W. Colo. on the cusp of having a major lavender industry
Free Press Gardening Columnist
The lavender industry in western Colorado is booming. The number of lavender farms and the number of plants at established farm are increasing. As with most new agricultural industries, growers needed to find out if lavender was economically feasible. The first problem hampering the development of the lavender industry in western Colorado is a lack of distillation equipment. A mobile 35-gallon still is available for hire but even this is too small for some of the farms already in production. As more growers add to their acreage, the bottleneck in distilling the lavender crop will need to be corrected.
Sprigs and Sprouts of Palisade purchased an oil still capable of distilling 10 gallons of plant material at a time. Packing and baby-sitting a still all day long for a week or so is not my idea of an efficient process. At this time, however, that is what needs to be done. I purchased a small oil still last year, mainly for demonstration purposes. This is an 8-gallon pot still capable of processing about 2-1/2 to 3 pounds of material at one time. Consequently, like other growers I am looking to other individuals who can build stills for the distillation of the oil at a very economical rate.
Currently, the distillation of oil is costly. Those with stills can ask and receive whatever fee they are asking. Commercially-produced stills run in the thousands and the distiller needs to recoup their costs so taking half of the oil produced as their fee is common. That is a hefty cost to the grower who has spent several years looking after the plants to lose half of the possible income to the distiller. This, however, is going to change in the near future.
Joseph Brown, a glass blower in Palisade, is building stills from garbage cans and other locally available materials, creating low-cost but efficient stills. He is basing his designs on data generated by E.F.K. Denny, a researcher in Tasmania who spent decades perfecting the distillation process. Last Monday, Joseph beta-tested several of his stills at my lavender farm in Mack (actually this is Valley Grown Nursery’s farm, I’m just using some of their land to grow lavender). Since lavender essential oil reacts with all metals other than stainless steel, he lines his stills with stainless steel. The stainless steel has to be number 304 to produce food-grade quality oil. Lavender essential oil is so reactive it eats through soft plastics. A drop added to a Styrofoam cup of water will eat right through it but very safe for use in cosmetics, in aromatherapy, and even when applied directly to our skin. I use it for bug bites and cuts. It is a great antiseptic.
Another bottleneck in the industry involves an efficient method of cleaning the buds. Buds are used in potpourri, in cooking, drinks, pillows and other craft items. Currently, growers are doing this by hand. The process involves the use of three or four trays with screens of different sizes. It takes a considerable amount of time to remove the bracteoles, bracts, stems, dead leaves, and flowers from the calyces. The calyces are the structures containing the fragrant oil.
Darrell Sartin has been working on a bud cleaner for a year. We tested this using some of my buds last year and will be testing it again once he has received the screens he needs. He is retrofitting an old seed cleaner to accomplish this task. Once his unit is perfected it will be a tremendous benefit to our fast-growing lavender industry. The Pacific Northwest has access to a two-story seed cleaner that was retrofit for their lavender industry. The one Darrell is developing is a smaller, mobile unit. Once Joseph’s essential oil stills and Darrell’s bud cleaner are perfected, the production of lavender in western Colorado should increase exponentially.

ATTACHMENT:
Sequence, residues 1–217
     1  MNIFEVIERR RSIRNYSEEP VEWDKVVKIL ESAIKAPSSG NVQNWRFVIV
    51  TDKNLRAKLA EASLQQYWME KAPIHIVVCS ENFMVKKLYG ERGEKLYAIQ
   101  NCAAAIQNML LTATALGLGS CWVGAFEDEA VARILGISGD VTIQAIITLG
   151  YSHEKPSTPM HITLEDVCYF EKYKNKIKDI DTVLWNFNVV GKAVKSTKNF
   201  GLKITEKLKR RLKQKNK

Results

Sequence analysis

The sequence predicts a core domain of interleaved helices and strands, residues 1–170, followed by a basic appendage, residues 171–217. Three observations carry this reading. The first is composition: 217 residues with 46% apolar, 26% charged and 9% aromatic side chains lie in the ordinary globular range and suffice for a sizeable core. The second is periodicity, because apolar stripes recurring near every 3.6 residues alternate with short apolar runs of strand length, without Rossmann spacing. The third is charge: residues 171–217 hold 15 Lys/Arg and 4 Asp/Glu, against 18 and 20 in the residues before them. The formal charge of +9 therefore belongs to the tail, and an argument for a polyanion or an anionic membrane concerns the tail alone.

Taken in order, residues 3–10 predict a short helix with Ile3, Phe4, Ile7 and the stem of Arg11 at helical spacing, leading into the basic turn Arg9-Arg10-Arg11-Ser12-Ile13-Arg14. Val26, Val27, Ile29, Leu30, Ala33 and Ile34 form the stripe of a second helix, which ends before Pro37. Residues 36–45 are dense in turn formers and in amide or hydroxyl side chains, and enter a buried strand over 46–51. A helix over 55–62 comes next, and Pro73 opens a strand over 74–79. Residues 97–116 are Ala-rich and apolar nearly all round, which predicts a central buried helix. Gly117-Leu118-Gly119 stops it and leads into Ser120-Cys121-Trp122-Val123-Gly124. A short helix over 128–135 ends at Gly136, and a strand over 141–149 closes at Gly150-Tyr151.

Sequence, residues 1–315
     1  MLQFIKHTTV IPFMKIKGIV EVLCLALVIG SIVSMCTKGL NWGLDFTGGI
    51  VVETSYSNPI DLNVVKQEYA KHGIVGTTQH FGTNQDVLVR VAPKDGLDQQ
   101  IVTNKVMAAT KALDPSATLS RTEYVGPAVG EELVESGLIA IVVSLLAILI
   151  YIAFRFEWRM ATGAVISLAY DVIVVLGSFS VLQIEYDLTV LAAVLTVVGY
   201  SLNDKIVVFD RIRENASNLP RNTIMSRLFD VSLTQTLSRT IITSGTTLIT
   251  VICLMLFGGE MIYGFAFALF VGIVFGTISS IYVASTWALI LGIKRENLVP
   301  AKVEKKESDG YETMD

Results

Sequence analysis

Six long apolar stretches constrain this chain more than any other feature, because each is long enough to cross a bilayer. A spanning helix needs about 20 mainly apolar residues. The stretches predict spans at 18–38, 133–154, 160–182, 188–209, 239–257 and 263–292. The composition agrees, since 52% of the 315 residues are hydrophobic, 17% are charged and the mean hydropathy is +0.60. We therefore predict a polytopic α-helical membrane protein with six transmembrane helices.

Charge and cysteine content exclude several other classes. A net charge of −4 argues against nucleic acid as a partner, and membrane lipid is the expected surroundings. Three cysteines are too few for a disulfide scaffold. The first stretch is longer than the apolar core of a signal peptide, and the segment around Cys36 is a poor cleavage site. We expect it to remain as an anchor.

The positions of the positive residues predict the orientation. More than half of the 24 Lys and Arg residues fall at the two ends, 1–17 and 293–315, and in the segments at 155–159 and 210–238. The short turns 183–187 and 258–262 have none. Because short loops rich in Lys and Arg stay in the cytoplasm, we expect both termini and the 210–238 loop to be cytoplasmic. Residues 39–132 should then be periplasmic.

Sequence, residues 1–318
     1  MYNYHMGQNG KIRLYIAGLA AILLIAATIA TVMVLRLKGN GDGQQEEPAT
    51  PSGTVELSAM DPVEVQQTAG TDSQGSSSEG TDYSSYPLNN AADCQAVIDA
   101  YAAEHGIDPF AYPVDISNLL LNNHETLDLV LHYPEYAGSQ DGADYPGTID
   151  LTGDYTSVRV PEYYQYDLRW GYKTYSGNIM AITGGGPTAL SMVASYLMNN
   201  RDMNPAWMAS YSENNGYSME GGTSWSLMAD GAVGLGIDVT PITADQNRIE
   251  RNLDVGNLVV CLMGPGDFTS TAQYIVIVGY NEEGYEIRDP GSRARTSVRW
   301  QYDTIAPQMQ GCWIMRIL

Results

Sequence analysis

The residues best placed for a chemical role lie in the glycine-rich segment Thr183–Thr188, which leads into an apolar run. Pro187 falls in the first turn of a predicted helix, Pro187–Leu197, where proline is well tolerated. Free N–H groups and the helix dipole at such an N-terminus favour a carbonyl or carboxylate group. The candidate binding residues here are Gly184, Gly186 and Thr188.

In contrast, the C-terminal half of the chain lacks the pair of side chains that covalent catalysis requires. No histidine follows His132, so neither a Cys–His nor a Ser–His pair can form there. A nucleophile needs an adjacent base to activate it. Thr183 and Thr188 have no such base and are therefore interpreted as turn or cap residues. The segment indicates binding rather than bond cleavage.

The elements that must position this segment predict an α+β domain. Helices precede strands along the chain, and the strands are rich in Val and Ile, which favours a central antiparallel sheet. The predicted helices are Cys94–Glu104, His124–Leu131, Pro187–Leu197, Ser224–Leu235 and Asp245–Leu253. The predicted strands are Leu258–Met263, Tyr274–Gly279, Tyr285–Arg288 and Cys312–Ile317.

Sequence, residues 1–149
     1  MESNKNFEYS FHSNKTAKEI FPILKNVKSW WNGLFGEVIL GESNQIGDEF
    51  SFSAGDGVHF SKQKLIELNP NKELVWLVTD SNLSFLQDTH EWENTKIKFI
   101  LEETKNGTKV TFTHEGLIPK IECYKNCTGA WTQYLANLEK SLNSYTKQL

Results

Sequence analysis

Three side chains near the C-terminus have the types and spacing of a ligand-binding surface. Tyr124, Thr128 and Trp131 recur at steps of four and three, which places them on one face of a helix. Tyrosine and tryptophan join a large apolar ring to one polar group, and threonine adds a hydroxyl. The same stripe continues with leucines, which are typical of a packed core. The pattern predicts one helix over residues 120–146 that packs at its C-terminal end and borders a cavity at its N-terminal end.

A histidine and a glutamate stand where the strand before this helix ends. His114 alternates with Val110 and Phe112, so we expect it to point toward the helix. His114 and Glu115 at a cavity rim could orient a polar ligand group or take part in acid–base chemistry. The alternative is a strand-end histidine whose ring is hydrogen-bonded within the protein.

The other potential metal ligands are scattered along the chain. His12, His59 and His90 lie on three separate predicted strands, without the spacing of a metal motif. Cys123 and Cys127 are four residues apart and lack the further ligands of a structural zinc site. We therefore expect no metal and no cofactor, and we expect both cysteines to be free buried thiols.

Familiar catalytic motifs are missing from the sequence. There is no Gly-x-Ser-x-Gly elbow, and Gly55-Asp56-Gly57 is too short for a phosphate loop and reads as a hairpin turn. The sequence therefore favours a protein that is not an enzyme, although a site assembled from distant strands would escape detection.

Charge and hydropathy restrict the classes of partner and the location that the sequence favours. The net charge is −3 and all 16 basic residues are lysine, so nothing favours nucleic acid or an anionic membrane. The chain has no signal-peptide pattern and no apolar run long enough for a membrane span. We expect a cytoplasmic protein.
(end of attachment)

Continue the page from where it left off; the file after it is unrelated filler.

GETTING THE LAVENDER TO MARKET
Marketing the oil, buds, and dried and fresh bouquets is another task that needs to be addressed and this opens up possibilities for other services. Most growers sell what they produce in their shops and at farmers’ markets. This market, however, is limited. The oil and buds are used in other products such as shampoos, soaps, lotions, food products, and alternative medicine practitioners, but the local markets for these products will eventually will be saturated. The sale of these products to consumers in other areas of the U.S. will require a little bit more finesse than is currently being used. Many countries import lavender oil for sale in the U.S. market because U.S. growers can’t fill the need. Some countries use interesting methods to promote and sell their oil. Bulgaria sells their lavender oil to U.S. buyers using the phrase “ethically farmed.” I don’t really know what that means but it is a catchy phrase.
The Internet is an obvious way for growers to promote and sell their products, but very few growers have the marketing or internet skills to use the internet effectively. Some don’t have the time or forte to devote to the internet while other lavender growers are only interested in growing and processing their lavender into oil, bouquets or buds. As the lavender industry grows, more services will be required and hopefully local entrepreneurs can assist. Otherwise growers will need to outsource their business needs. I wonder if web developers in Bulgaria would be interested in promoting and selling western Colorado’s lavender?
Dr. Curtis E. Swift is a retired horticulture agent with the Colorado State University Extension. Reach him at Curtis.Swift@alumni.colostate.edu, 970-778-7866 or check out his blog at http://SwiftsGardeningBlog.blogspot.com. He owns Swift Horticultural Consulting and High Altitude Lavender.
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